THE THESIS: God has just destroyed the lies in which Fauci, Gates, the people who run Biden and the rest live. Every few days, The Party is dribbling out more bits of truth. This seems to be preparation for one of their favorite tricks, the “oh, that's old news” game about which Rush warned us many times. THE SCRIPTURE: Matthew 5: 10 - 12 10 Blessed are those who are persecuted because of righteousness, for theirs is the kingdom of heaven. 11 “Blessed are you when people insult you, persecute you and falsely say all kinds of evil against you because of me. 12 Rejoice and be glad, because great is your reward in heaven, for in the same way they persecuted the prophets who were before you. THE NEWS: Google and DirecTV take their orders from the people who run The Figuread → Big Tech Accelerates Politicized Purge As Biden Issues “Special Plea”; YouTube takes down Bongino, DirecTV To Drop OANN, while a pressure campaign is waged against Joe Rogan's Spotify program But other things are beginning to get shifted . . . [AUDIO] - CNN Skewers Biden's Voter Suppression Lies. Yes, CNN. “New York is one of the most reliably Democratic states in the United States and New York requires people to request absentee ballots, just like the new Georgia law does.” [AUDIO] - THE HILL - Ryan Grim: The New Fauci Emails Are Even More Damning Than You Think Some things are not changing; the Mockingbirds will not race-hustle or religion-hustle this. They will cover-up the policies that allowed the immigration of this man into the Country → Colleyville (Texas) Synagogue Update: Hostages Free, Terrorist Dead; Terrorist was shot during a rescue mission executed by SWAT and has died. The elite FBI hostage rescue team, who flew into DFW earlier that evening, executed the explosion and entry. The FBI--solely focused on white rage and “domestic terrorism” was not concerned about THIS act of domestic terror. THE MONOLOGUE: Where does this leave The Party? It leaves them with a need for a new monster. THE LISTENERS: Hey Todd, I am a teacher in Arizona and am currently on our SEL (Social Emotional Learning) Committee and am in the discussions about the curriculum our district plans to adopt. We have looked at several already and we have, thus far, rejected them all (or more accurately, "tabled them for further discussion") based on many of the concerns you have expressed. For my part, I continue to point out when a system is being pushed out to all kids (generically) and when it seems to be usurping parental guidance/decisions/involvement/etc. and remind the students that is not what school is for. We certainly have many students who need help and guidance they are not getting at home but a one size fits all curriculum is not the way to go. In a side discussion I had with my superintendent I told her that I was not going to approve a curriculum because of funding or that was "good enough". I have been a part of the different programs we have had that target those students at the greatest risk and need so I know these are good and necessary programs. I have let her know that I will not indoctrinate students in a how and what to feel program. In addition, she knows I will not be forced to lie about biological truths, even as I will (and do) treat my students who are struggling with gender issues with respect, I won't say boys are girls or vice versa or anywhere in between. For now, I have her support but I wonder what will happen if it is a difference of large lumps of cash how long that would last. Despite my respect for her, I know her position is a political one and so that may change. If anything changes or is approved I will let you know if it was above board or not. I can't stop anything, but I have noticed a lot of nods from those that don't want to speak up and looks of disapproval from those who disagree so... I appreciate you and all you do. God be with you and keep up the good fight, Jim from the Heart of Route 66 MUSIC REVIEW: Shimmer - by Shawn Mullins A PERSONAL NOTE: See omnystudio.com/listener for privacy information.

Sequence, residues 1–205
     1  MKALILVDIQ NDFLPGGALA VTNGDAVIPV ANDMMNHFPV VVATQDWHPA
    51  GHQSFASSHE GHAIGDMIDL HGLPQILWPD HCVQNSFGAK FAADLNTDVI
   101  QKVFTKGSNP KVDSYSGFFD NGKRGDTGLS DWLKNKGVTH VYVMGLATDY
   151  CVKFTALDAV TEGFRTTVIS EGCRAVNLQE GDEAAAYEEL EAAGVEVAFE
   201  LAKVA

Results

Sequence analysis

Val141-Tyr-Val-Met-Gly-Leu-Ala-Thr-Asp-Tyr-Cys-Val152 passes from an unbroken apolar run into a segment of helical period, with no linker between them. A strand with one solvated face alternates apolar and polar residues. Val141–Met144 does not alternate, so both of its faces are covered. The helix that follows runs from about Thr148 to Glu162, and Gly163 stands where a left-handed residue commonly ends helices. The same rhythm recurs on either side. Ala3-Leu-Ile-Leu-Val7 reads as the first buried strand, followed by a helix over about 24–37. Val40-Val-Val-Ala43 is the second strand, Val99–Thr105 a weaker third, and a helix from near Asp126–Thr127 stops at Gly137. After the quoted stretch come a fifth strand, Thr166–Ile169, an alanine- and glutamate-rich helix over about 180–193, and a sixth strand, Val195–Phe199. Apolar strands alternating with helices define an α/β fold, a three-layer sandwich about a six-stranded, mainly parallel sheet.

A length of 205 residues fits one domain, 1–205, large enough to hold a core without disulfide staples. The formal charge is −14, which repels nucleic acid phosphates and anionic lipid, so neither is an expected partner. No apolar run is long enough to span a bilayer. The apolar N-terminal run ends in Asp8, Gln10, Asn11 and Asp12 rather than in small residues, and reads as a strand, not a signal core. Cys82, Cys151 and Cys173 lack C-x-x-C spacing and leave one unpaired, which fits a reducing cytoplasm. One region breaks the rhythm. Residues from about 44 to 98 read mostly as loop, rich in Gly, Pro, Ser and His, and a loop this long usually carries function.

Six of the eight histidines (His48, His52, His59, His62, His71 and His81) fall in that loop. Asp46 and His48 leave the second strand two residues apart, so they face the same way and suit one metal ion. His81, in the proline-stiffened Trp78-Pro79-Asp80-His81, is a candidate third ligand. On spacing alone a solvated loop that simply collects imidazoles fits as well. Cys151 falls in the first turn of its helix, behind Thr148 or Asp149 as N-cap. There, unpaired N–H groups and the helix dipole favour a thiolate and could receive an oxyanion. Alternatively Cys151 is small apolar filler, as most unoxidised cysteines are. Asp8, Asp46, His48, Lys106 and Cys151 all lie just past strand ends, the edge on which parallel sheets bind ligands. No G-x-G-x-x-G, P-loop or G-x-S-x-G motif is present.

Elk Hunting and the Elk Draw with Steve Chappell Show Notes: I sat down with Steve Chappell to talk all things elk hunting. Steve's a veteran elk hunter in Arizona, and he's got a whole lot of great info to share. The elk draw is coming up, so we basically hit everything we could about elk hunting. Steve has some thoughts on the elk herd in Arizona – after a concerning 2020, the elk seemed to make a good comeback in 2021. The herd is now healthy, thanks to a mild winter and the species' resilience. Steve explains why he thinks the herd should be just fine into early 2022. We also talk about the weight of antlers, and what the animals need to grow them. As far as antler growth goes for 2022, we're both feeling pretty good. Arizona produces good elk, and we should see more of that this year. We also talk elk units. Everyone has their own experiences with each unit, but Steve highlights some of his top-tier performing units. There's a lot of great hunting throughout the state, but not all units offer the same quality of elk. Steve provided some great info on which units are best for a few different types of hunters. “So many people misunderstand the draw and how it works.” As elk season approaches, Steve has some great insight into how the elk draw works and how you should approach the draw. We went back and forth about the draw, and some common mistakes people make this time of year. Novice and experienced hunters will both benefit from hearing this info. What's Inside: Elk herds are looking good this year, and we explain why. Elk units aren't created equal. We talk about some of our favorites, and least favorites. Different units are better for certain types of hunters. Hunters should approach the elk draw with strategy in mind. Mentioned in this episode: Howl for Wildlife Lacuesa Discount with code: johnstallone Phoenix Shooting Bags Short Description: Steve Chappell and I talked all things elk in Arizona. There's a lot to talk about, with Arizona's great elk hunting, and we hit just about everything. From the current elk population, to our favorite (and least favorite) units, before ending on some new changes to the Arizona elk draw. Tags: Elk hunting, hunting draws, elk draw, arizona, arizona hunting, elk hunting in arizona, big game hunting, days in the wild, elk season, Arizona elk draw